Presented by Seyfarth Shaw
Topics on the agenda: personnel serving on President-Elect Biden's transition team and anticipated appointments in the Biden Administration, EEO/EEOC/OFCCP, National Labor Relations Board and labor management issues, OSHA and wage-hour enforcement, Fair Labor Standards Act, the Affordable Care Act, and immigration issues.
The transition: Leon Rodriguez said a transition team tells you a lot about how an incoming Administration intends to govern. The Biden transition team is comprised of individuals from left/center advocacy organizations, labor unions and academia. What he doesn’t see are people from the business community.
Marty Walsh, currently mayor of Boston, is the intended nominee as Secretary of Labor. Rodriguez said Walsh comes from the labor union world. While his points of view are grounded there, he is seen as someone who is a pragmatist and who the business community will be able to have dialogue with.
What to expect from the EEOC: Larry Lorber noted that the five-member EEOC currently is comprised of three Republicans and two Democrats. While the chair will shift from Janet Dhillon (R) after the inauguration, Republicans will still make up the majority through July 2022, when Dhillon’s term expires (unless any of the Republicans leave sooner).
The EEOC has been pouring out guidance documents over the last three weeks. Among the actions employers can expect going forward: an increase in religious discrimination enforcement cases, a great deal of focus on legislation brought up in the last session of Congress (Protect Older Workers Against Discrimination Act, Pregnant Workers Fairness Act, Equality Act and the Paycheck Fairness Act), a focus on compensation and the use of procurements to deliver labor and employment initiatives (to deliver things like paid leave).
Labor/Management issues: Brian Stolzenbach addressed National Labor Relations Board issues and shared the following quotes showing the direction President-Elect Biden plans to take:
Stolzenbach believes legislative priorities will include: Multiemployer Pension Fund Reform and the PRO Act (a union-friendly piece of legislation that he thinks has virtually no chance of passing the Senate, as currently written).
What we can expect to see: Possible rulemaking by the National Labor Relations Board (with regard to Joint Employer and Quickie Elections), Persuader Activity from the Department of Labor and various Executive Orders.
Stolzenbach said it: “The traditional means of changing the law in the federal labor relations sphere for private employers is simply deciding cases a different way.” The current general counsel’s term (the chief prosecutor for the National Labor Relations Board) expires in November of this year and two additional seats on the board will be filled by members of the president’s party later this year. So, it will be several months down the road before we get to a point where the various pieces are in place to shift the balance.
Stolzenbach said it: “One thing I’d say about the possible nominees we’re hearing about on this front is that, quite frankly, management and employers could do a lot worse than the folks whose names have been banded about as serving as general counsel and board members.”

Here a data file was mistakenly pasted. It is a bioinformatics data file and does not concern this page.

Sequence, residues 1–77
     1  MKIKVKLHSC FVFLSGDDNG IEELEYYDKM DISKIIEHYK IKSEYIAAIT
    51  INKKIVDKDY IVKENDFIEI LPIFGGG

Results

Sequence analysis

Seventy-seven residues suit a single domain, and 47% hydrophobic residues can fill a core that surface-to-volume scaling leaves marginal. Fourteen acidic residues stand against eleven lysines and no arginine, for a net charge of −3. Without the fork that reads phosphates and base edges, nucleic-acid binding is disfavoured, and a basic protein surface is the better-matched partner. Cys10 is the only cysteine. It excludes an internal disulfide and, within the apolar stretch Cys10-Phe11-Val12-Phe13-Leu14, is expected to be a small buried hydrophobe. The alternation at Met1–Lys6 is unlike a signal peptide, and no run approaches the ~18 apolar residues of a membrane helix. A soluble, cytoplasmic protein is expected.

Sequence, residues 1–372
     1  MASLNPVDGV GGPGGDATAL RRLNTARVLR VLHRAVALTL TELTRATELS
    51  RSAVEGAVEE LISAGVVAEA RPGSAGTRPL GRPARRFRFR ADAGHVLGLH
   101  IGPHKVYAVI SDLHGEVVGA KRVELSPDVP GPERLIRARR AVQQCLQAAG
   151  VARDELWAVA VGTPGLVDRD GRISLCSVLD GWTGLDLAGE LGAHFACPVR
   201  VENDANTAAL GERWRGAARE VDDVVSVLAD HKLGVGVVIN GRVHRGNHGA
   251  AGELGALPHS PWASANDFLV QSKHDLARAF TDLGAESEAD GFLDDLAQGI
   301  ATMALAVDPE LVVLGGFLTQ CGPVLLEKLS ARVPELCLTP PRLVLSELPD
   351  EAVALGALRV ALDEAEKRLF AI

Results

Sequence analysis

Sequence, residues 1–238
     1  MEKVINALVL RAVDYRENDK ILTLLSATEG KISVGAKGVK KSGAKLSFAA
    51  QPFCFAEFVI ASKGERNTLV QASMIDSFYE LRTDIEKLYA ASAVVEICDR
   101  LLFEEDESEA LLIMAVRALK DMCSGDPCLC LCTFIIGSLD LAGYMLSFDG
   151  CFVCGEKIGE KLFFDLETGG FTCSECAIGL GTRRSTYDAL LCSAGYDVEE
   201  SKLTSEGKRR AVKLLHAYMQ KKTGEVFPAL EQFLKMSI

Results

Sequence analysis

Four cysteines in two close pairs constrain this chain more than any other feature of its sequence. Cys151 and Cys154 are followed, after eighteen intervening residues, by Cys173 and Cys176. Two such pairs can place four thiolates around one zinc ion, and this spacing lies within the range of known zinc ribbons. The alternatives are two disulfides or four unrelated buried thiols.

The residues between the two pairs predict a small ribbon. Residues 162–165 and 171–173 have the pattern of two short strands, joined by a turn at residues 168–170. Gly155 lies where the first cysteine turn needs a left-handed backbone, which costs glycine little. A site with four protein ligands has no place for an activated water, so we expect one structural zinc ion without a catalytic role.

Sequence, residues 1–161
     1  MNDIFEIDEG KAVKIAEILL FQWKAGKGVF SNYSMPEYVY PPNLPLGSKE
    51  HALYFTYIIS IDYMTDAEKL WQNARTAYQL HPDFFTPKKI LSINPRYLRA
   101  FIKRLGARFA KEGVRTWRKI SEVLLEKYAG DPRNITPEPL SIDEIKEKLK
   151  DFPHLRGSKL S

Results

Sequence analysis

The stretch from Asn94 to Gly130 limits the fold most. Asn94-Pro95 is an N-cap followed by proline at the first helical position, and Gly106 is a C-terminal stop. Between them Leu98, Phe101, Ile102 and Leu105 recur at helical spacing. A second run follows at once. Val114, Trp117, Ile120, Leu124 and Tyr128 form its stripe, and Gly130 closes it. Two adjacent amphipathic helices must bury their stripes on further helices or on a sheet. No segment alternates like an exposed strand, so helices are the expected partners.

Union vs. non-union: The NLRB has an effect on both types of companies. Stolzenbach said we are likely to see a flip — going back to giving employees the right to use their workplace email for union activity, a return to micro-units in organizing, leeway for offensive statements and strict scrutiny of workplace policies. Unionized workforces may see the requirement to bargain over discipline and discharge immediately after union elections (even before they have a signed contract), increased hostility to a defense that employers don’t have to bargain with a union over certain things, and no inherent ability to stop dues check-off upon contract expiration.
OSHA and wage-hour enforcement: Scott Hecker, who previously worked with the Department of Labor for about 12 years, expects to see COVID-19 emergency temporary standards come from OSHA. He also expects to see a change in the way recordkeeping/records used in enforcement are handled, and for OSHA to pursue more egregious cases and implement policies to address workplace violence and more.
In the wage-hour space, expect OSHA to send a consistent message that persistent, egregious and workplace-wide infractions of the law will be met with significant consequences.
Bad actors, beware: Under the Biden Administration, “bad actors” will face increased enforcement and OSHA will use data to identify employers to target, as well as publicity as a deterrence.
Fair Labor Standards Act: Camille Olson talked about the continued viability of three key Trump Administration rules that will be very important to members of America’s Newspapers:
Olson also identified the following Biden Administration priorities:
Affordable Care Act: Saying that there are so many variables and potential outcomes that could take place, Scott Mallery offered a high-level look at changes the Biden Administration might bring. With a narrow Democratic majority in the Senate, he said to expect legislation designed to increase coverage. The biggest potential policy changes involve:
Immigration: A lot has happened in the immigration space this year that affects employers, including: travel restrictions targeting employer-based immigrants and proposed regulations concerning H-1B classification. Leon Rodriguez said it is unclear how these areas will be impacted by the Biden Administration.
Expected priorities for the new Administration include: DACA restoration, refugee and asylum reform, border security/Central America migration and determining where business immigration fits.
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